When the pandemic forced education online almost overnight, many saw it as a temporary solution. Two years later, the impact of distance learning has helped to transform our nation's centuries-old traditional classroom model.
School closure tracker Burbio shows that the majority of classrooms have been in-person since March 2021. Further, school disruptions, where in-person learning does not happen for a pandemic-related reason, have been below 100 for most weeks since April 2022, down from the almost 7,500 disruptions a few months earlier during the peak of the Omicron wave.
This data highlights why it is unlikely that distance learning will replace traditional classrooms completely. In-person schooling is still the preferred form of learning for teachers, students, and parents.
But even in traditional classrooms, online learning is here to stay. Not to replace the face-to-face instruction but to augment it.
Rethinking the classroom
Research found that the learning loss from pandemic distance learning may be evidence that many pedagogical practices are much harder to replicate on a screen, especially for younger students.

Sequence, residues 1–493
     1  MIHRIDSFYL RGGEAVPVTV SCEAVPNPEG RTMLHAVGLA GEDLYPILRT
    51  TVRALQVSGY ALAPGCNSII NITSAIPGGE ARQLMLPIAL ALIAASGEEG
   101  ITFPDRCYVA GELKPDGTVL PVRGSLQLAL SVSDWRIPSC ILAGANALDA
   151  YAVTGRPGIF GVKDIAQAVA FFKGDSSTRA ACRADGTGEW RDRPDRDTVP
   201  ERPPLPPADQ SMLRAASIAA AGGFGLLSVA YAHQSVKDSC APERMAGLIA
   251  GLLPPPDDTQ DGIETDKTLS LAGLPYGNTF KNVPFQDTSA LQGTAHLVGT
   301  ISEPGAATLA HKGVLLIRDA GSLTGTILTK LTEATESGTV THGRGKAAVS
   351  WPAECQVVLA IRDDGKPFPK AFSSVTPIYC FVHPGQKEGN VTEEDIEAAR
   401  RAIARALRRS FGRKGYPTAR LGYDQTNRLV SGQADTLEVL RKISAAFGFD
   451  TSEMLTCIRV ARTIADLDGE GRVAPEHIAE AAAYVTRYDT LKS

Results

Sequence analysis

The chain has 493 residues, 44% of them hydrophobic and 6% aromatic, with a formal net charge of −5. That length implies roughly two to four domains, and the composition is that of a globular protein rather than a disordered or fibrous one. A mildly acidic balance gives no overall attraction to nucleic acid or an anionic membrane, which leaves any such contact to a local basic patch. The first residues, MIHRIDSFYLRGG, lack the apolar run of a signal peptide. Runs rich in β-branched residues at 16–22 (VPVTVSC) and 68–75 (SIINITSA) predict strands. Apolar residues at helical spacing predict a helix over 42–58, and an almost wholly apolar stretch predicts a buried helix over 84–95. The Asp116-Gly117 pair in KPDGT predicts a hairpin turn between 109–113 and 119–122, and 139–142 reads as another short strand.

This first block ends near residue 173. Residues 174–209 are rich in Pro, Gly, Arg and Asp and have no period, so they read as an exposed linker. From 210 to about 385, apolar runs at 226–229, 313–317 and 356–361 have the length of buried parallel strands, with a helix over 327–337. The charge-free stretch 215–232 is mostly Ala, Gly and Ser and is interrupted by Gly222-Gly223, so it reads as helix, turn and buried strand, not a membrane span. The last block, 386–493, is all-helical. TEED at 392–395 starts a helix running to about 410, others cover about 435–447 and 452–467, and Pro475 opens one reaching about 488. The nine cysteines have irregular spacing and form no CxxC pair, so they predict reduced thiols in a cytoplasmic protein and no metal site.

Learning is an inherently social practice. Informal, community-building moments keep students motivated and mental health can suffer without them. But as difficult as it was, pandemic-era schooling revealed a silver lining—it forced society to confront the assumption that learning only occurs within the four walls of a traditional classroom. Through innovations in educational technology and tools like virtual labs and simulations and augmented reality, distance learning doesn't feel so distant anymore.
Will distance learning replace the traditional classroom?
While the pandemic proved that distance learning limits academic progress and strains student mental health, the lessons learned from this crisis have permanently impacted pedagogy and will drive educational innovation forward.
Even pre-pandemic, technology forced educators to reexamine the structure of a traditional classroom. Blended learning and flipped classrooms gained popularity for their effectiveness in personalizing learning.
Armed with nearly two years of virtual learning experience, educators will continue to use digital tools to enhance their practice. According to the Clayton Christensen Institute, nearly 80% of teachers say they have discovered new resources and practices during the pandemic that they plan to continue using after the pandemic is over. A survey of teachers revealed that around two-thirds of teachers believe remote learning will continue to impact classroom practices in the future.
It's clear that mutually exclusive modalities—in-person or fully online—are a thing of the past. Fluid, hybrid learning is a new reality and for many the future of distance learning. During the first half of 2021, hybrid learning was used in over 25% of K-12 classrooms, according to the Burbio tracker.
The benefits of hybrid learning
There are many benefits of hybrid learning, including:
- Flexibility. Hybrid learning gives students the option to move between modalities based on learning needs and location.